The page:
“We have to see that the political solution of conflicts … such as the situation in Syria, such as the situation in Libya or the situation in Iraq, won’t happen if certain players are no longer even included in the conversation, and that includes Qatar, it includes Turkey, it includes Iran,” she said.
Merkel said she wanted the balance of power to be maintained “sensibly” in the region, and that combating terrorism would be on the agenda when G20 leaders meet next month in Hamburg.
U.S. President Donald Trump on Friday accused Qatar of being a “high-level” sponsor of terrorism, potentially hindering the U.S. Department of State’s efforts to ease heightening tensions and a blockade of the Gulf nation by Arab states and others.
Arab states tightened their squeeze on Qatar by putting dozens of figures with links to the country on terrorism blacklists, while its ally, Turkey, rushed to its side with plans to send troops.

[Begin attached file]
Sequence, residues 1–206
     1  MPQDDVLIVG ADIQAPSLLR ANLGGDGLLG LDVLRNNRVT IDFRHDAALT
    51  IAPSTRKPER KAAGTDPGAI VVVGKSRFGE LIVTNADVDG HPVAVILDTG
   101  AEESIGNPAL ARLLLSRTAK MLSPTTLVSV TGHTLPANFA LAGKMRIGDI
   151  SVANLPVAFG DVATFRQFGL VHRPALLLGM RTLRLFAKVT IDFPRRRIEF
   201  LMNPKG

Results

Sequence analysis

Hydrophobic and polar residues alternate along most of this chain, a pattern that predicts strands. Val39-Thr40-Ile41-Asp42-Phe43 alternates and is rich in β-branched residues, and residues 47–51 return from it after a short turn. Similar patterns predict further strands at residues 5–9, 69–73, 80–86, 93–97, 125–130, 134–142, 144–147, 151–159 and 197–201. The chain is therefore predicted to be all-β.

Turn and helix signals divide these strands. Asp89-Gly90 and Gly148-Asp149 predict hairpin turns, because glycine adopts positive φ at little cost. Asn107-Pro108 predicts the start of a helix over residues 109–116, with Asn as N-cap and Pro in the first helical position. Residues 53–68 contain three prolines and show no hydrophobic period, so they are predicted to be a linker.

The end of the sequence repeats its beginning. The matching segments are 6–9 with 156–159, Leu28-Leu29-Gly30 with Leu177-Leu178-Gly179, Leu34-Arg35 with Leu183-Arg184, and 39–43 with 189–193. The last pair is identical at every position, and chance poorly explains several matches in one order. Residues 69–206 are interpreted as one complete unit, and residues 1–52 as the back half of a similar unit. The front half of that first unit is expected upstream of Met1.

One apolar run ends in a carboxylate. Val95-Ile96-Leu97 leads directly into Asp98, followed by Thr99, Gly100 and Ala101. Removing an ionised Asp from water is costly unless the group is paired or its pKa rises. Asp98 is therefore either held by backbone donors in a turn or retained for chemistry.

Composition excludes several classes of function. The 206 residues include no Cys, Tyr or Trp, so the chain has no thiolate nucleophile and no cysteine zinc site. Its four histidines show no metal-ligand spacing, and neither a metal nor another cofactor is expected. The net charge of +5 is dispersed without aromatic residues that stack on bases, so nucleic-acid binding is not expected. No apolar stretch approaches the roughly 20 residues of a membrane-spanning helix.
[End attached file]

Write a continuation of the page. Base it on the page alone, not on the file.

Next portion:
The Pentagon said the blockade was hindering U.S. ability to plan for long-term operations in the region. Al Udeid Air Base in Qatar is home to more than 11,000 U.S. and coalition forces and an important base for the fight against Islamic State. It is the U.S. Air Force’s largest base in the region.
U.S. Secretary of State Rex Tillerson said he expected all parties to find a resolution.
Reporting by Andreas Rinke and Dave Graham; Editing by Clarence Fernandez & Shri Navaratnam; Reuters